There is widespread misconception among Muslims that their countries are free. They make this assumption on the basis that they have their own president, prime minister, king or even a dictator as ruler. Further, some countries even have a parliament where their so-called elected representatives pontificate on issues of importance. The picture is completed with the notion that the country has its own armed forces, that turn out in smart uniform to participate in parades on important days, such as the country’s Independence Day.
All these are undoubtedly true but the concept of freedom must be properly understood. There are certain fundamental conditions that have to be met for a country to be considered “free”. Let us look at political decision-making. Are Muslim countries free to make decisions that benefit their people without having to worry about what predatory powers like the US or its allies might say or do?
Events in the immediate aftermath of 911 provide useful pointers. On the evening of September 11, 2001, a visibly irate American President George W. Bush warned on television: “You are either with us or against us,” demanding that countries join America’s war against the alleged perpetrators.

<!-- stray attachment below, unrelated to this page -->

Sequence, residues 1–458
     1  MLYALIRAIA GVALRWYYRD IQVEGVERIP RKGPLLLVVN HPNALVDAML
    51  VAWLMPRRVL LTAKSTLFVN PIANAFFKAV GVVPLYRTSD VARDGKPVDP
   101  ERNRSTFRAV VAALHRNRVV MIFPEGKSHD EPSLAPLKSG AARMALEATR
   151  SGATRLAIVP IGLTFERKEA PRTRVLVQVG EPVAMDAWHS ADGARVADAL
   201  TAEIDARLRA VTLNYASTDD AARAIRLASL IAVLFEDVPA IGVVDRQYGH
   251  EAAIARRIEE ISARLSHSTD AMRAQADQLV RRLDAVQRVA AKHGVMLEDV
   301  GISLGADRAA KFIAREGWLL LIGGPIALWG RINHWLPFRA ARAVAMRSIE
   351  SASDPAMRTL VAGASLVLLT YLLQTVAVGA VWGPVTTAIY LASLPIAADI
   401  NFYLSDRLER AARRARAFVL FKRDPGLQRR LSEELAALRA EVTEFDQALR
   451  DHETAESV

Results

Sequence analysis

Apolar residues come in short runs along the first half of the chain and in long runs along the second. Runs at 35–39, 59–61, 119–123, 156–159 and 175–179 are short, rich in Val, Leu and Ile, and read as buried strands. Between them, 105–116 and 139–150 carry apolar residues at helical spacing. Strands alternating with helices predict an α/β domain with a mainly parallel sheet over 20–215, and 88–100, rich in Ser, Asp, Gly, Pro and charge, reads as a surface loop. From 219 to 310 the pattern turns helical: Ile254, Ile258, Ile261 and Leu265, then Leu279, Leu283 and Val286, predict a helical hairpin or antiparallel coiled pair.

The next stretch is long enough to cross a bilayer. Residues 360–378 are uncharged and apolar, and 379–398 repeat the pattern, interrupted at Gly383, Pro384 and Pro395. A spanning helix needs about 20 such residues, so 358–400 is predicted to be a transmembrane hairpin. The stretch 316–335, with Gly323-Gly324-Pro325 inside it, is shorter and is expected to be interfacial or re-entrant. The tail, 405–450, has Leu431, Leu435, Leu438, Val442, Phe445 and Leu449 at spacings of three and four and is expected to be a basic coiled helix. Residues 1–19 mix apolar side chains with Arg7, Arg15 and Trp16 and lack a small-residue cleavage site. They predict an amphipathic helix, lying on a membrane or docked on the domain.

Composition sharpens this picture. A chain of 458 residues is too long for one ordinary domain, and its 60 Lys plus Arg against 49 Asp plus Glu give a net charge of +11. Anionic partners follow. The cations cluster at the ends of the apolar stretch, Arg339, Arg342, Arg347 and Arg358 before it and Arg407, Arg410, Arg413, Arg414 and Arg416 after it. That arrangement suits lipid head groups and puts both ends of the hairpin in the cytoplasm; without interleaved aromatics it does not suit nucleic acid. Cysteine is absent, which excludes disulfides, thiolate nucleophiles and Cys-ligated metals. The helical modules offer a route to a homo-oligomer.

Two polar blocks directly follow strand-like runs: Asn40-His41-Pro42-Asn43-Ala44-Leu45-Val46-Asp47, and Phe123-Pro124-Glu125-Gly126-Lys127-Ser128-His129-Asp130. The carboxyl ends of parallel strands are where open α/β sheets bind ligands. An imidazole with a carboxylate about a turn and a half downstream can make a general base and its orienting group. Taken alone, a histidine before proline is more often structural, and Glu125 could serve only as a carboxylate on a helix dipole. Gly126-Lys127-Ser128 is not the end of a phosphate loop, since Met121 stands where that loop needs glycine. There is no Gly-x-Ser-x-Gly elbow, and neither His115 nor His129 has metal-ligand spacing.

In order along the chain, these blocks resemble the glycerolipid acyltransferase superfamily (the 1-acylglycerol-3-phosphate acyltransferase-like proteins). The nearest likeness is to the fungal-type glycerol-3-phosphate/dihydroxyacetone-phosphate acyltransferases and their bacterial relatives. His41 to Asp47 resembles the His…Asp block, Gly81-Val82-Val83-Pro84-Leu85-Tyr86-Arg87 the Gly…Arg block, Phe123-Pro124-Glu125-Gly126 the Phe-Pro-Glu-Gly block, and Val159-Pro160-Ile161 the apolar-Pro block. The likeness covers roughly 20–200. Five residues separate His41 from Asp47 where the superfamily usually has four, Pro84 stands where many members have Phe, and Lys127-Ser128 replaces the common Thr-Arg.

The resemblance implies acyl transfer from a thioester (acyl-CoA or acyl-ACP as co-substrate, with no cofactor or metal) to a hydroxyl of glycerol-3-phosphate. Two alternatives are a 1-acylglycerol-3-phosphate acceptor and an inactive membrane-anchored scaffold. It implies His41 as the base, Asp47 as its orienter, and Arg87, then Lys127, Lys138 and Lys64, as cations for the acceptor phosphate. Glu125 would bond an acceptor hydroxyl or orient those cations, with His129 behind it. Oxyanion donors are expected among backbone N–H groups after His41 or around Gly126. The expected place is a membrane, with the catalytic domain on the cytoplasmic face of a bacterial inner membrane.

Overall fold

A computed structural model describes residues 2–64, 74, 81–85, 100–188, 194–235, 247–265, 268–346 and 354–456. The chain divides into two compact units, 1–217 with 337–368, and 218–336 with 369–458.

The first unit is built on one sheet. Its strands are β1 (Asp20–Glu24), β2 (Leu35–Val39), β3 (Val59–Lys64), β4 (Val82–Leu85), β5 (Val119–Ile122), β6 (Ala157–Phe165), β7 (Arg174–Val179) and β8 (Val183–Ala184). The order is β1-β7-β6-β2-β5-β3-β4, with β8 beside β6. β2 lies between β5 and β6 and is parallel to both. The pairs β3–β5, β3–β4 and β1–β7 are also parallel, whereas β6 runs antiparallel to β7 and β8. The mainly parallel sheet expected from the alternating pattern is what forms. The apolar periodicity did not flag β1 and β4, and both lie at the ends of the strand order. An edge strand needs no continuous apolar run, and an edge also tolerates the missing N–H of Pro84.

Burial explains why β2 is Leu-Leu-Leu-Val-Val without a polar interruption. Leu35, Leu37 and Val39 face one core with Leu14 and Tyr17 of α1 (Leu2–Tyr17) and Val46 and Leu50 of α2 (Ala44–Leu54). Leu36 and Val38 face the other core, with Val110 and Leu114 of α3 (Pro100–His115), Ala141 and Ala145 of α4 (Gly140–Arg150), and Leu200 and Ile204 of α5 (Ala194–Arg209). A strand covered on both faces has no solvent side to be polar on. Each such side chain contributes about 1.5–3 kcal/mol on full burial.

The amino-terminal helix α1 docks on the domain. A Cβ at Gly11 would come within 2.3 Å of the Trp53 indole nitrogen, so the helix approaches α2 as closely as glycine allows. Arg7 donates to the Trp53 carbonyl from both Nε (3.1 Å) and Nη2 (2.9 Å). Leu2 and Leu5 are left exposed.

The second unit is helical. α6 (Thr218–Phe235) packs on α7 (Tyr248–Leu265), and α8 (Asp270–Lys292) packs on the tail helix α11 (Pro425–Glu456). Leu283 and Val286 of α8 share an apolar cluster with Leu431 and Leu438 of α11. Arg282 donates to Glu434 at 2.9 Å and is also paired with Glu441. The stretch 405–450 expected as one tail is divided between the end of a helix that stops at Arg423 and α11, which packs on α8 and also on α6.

Without any investigation, the US immediately accused Osama bin Laden of being responsible for the attacks. How could Osama perpetrate the attacks while sitting in a cave in Afghanistan? Was he also responsible for making the entire US Air Force to stand down on that fateful morning? Beyond media propaganda, the US never formally charged Osama bin Laden for the 911 attacks.
Based on this ludicrous allegation peddled through the media, the US demanded that the Taliban hand over Osama bin Laden to them. To their credit, the Taliban refused and asked for proof of Osama’s wrong-doing. They did more. The Taliban leadership said that if Osama is actually guilty of what the Americans accuse him of doing, then he should be tried in a Muslim country.
Readers need to keep this in mind while we consider the example of two other countries: Pakistan and Iran. Following Bush’s threatening speech on the evening of September 11, US Secretary of State, General Colin Powell called General Pervez Musharraf, the Pakistani dictator, and repeated Bush’s threat.